I'll sail with it and observe, but probably will shorten the "safety tube" that goes between the paddle and the top bracket.

Here's the top bracket,
after bolting and caulking.

I've recently put down a really aggressive non skid surface, and that made the cleanup challenging.

Everything is caulked
with 3M 4200, which cleans up with mineral spirits. I sacrificed a toothbrush to get the excess out of the nonskid and clean it up well.

I like to caulk until it
gooshes out everywhere.

Caulk is cheap, leaks are a drag.

This is the emergency rudder option.
We haven't extended the bracket for it yet, and I'm glad we waited as it would have been too long.

This is a bit short, but I'll wait and think about it before changing the post out for a longer one.

The emergency rudder option is really just for peace of mind. The rudder on my boat
is 27 years old, and is probably fine.

I know I have water inside my rudder, but so do most of the boats out there. The only way to know if there's a problem is to do some destructive testing, which would make me feel really dumb if I wrecked my rudder just to prove that it was fine.
I don't think that new rudders are built as well as the old ones, so I'm going to leave it alone and carry an emergency rudder.

Here it is with everything bolted down.

It's pretty strong, and I feel comfortable standing on it.

For a minute, I was really worried that I'd somehow installed it off center or leaning, but then realized that the boat is leaning a couple of degrees to port,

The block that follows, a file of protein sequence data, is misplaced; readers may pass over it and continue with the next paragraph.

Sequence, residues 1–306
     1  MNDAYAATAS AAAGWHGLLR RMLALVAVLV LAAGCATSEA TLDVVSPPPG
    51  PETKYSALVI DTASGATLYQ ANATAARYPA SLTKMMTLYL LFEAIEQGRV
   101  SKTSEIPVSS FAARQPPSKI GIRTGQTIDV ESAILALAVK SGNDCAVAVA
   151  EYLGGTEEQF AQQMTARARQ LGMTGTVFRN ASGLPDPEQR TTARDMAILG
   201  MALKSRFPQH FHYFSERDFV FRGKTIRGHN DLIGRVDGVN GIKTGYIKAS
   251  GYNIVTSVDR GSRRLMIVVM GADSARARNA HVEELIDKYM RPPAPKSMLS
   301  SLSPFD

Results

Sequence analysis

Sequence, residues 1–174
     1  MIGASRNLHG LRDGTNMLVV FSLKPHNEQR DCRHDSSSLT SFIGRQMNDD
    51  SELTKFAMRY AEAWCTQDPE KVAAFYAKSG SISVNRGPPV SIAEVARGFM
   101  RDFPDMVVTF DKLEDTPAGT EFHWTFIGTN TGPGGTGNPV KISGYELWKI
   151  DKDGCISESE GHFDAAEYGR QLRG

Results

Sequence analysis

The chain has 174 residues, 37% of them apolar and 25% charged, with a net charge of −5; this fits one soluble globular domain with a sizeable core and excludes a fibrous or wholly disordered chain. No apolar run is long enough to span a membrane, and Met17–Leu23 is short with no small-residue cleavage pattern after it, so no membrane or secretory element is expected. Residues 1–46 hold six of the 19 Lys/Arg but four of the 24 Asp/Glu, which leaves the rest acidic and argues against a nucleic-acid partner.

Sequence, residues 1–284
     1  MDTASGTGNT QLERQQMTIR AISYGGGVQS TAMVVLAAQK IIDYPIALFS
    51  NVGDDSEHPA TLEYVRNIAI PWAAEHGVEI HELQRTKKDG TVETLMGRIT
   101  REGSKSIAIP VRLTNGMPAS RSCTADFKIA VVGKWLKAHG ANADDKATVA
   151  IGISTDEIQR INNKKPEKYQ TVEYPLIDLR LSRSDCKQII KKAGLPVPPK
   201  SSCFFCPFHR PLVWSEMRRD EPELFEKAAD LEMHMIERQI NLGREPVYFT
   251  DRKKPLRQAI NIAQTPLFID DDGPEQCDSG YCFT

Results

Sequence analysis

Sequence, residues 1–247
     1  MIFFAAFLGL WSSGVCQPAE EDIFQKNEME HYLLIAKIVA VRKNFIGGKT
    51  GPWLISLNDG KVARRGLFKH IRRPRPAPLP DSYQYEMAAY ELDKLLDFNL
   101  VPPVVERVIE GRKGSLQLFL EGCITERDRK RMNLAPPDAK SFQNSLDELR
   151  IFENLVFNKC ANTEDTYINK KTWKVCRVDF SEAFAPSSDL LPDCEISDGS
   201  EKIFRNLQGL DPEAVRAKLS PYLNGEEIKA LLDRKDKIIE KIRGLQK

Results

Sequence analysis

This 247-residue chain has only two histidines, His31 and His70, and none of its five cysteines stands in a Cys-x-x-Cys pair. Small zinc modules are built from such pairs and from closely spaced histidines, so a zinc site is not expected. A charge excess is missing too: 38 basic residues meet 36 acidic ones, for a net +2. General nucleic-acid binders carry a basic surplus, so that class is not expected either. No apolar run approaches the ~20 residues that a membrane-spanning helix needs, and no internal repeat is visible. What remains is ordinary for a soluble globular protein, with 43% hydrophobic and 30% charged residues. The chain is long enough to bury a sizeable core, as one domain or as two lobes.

and will settle down when I put everything
back where it belongs.

There are two other Monitor installs on my dock,
and the owners both came by and said it looks fine. Then, one of the old timers from a nearby boat yard was walking by en route to another boat, and he also checked it out and pronounced it fine.

Here's another view of the final installation.

By raising it up and moving it back, it will catch the breeze a bit better, and is still easy to reach.

I got another of my "big ideas."
The teak grate from my cockpit sole
has been sitting in the garage for a few years,
and I discovered that one section (below) will fit perfectly against the transom, inside the monitor braces. So I have reinforced it with additional teak, and added a foot step on either side.
The old hand rail from my original dodger is the perfect length, and I'll bolt it onto the aft edge.

This will create a really cool platform on the transom, where I can store things that should be outside the boat, like a plastic gasoline jug or something.
I'll install it at my next haul out, in a month or so.

Here's a final check for clearance
with the big light air vane.

It clears everything perfectly, so raising the Monitor six inches up, and eight inches back,
was the right way to go.

I did have to move another brace from the port side to the starboard side of the radar mast, but that was simple and easy. When I put the radar mast on a few years back, I had brackets welded up with multiple ears, so that I'd have some flexibility on how the braces would connect. So moving the lateral brace
took about half an hour.

I also had to remove the ensign, and have no idea where to mount it. That's going to require some thought.

I felt that the ones that came with it
were too long, so I replaced them
with smaller ones.

I like the solid type of hose clamp, anyway.

Now, to install the wheel adapter and the control lines.